most of the water will boil away & you're left with a delicious green broth and savory greens.
It's sooo yummy, especially flavored with the panceta, but bacon is good too.

Ash

In Holland it's 'boerenkool' (farmers cabbage) and we eat it in a similar dish to colcannon called boerenkoolstamppot.

Basically, peeled potatoes in water, the kale goes on top and then you drain them and mash the two together adding some milk, salt and pepper. Then you eat it with smoked sausage. Yum.

My kids love it and it's full of green stuff and the best part is that they don't care!

Susan at Food "Blogga"

I just bought fresh kale this morning at the farmers' market. Now I'll make this wonderful recipe for colcannon. Your kale's brilliant green color is so appetizing in the photo!

Patricia Scarpin

Kale plays an important part in feijoada. It's one of the side dishes served with the black beans.

Jo

Kale, potatoes, and [optional] pork... a marriage clearly made in heaven and known in many different countries including Portugal, where it is called Caldo Verde and considered a national specialty.

Leo

The great thing about kale is that it is such a hardy vegetable that it can continue to thrive in the winter, even after snow has fallen. I still remember having fresh kale right up until the middle of winter from my mom's backyard garden. We would go out to the garden, brush the snow off the kale, and pick just enough for supper.

I don't know if this is true of all the varieties of kale, so look for the hardiest varieties if you plan on supplementing your winter diet with fresh homegrown kale.

Some of the staple Irish root vegetables, such as turnips, can also continue to live in the soil after winter has begun. A second planting of hardy winter vegetables in your home garden can mean you will have fresh vegetables throughout the winter as well as in the summer and fall.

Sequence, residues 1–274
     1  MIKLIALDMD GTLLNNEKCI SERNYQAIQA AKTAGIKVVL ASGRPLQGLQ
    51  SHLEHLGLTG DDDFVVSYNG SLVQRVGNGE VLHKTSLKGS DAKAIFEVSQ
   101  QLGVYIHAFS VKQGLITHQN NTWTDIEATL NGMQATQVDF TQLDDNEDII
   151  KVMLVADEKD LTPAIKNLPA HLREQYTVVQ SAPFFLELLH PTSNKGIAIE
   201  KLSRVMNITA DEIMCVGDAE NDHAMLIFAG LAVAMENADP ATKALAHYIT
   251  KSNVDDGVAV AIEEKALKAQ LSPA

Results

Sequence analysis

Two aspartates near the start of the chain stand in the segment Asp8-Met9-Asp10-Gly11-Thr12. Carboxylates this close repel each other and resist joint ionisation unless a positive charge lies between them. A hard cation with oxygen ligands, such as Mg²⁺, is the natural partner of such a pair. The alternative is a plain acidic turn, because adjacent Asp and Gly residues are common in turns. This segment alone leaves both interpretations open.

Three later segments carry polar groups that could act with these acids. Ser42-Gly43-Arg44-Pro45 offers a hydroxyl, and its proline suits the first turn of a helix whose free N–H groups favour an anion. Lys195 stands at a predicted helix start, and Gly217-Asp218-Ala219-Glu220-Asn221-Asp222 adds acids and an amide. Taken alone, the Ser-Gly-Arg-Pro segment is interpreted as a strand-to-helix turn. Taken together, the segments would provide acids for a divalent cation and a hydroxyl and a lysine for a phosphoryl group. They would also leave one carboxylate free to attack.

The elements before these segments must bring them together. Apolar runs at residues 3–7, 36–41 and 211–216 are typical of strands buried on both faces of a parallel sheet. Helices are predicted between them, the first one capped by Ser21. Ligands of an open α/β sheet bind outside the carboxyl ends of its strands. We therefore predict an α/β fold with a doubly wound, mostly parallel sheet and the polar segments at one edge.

Leo

If you're looking for another way to use up all that kale, you could try "kale chips". I make them with 1 Tbsp apple cider vinegar, 1 Tbsp salt, and 3 Tbsp olive oil (I'm told a tablespoon is about 15 grams), and about two bunches kale.

Toss the kale leaves with the mixture, coating all the leaves, then bake in a 350 degree oven (about 175C) for about 20 minutes or until crispy.

Ciarán Kehoe

I don't want to be nitpicking but Ireland isn't Britain. You seem to use the terms interchangeably.

Fumblina

I would like to be nitpicking... Ireland is part of the British Isles and Northern Ireland is part of the UK or Britain.

(I have heard it argued that I am completely British as my Nan is from Northern Ireland and my grandad was born in Eire before the partition!)

Get over your petty provincialness and comment on the food instead! :P

Nice recipe idea though.. I haven't had any kale in my veg box yet (only the 2nd week) but might try this layered approach with the cabbage I got today.

Thanks :)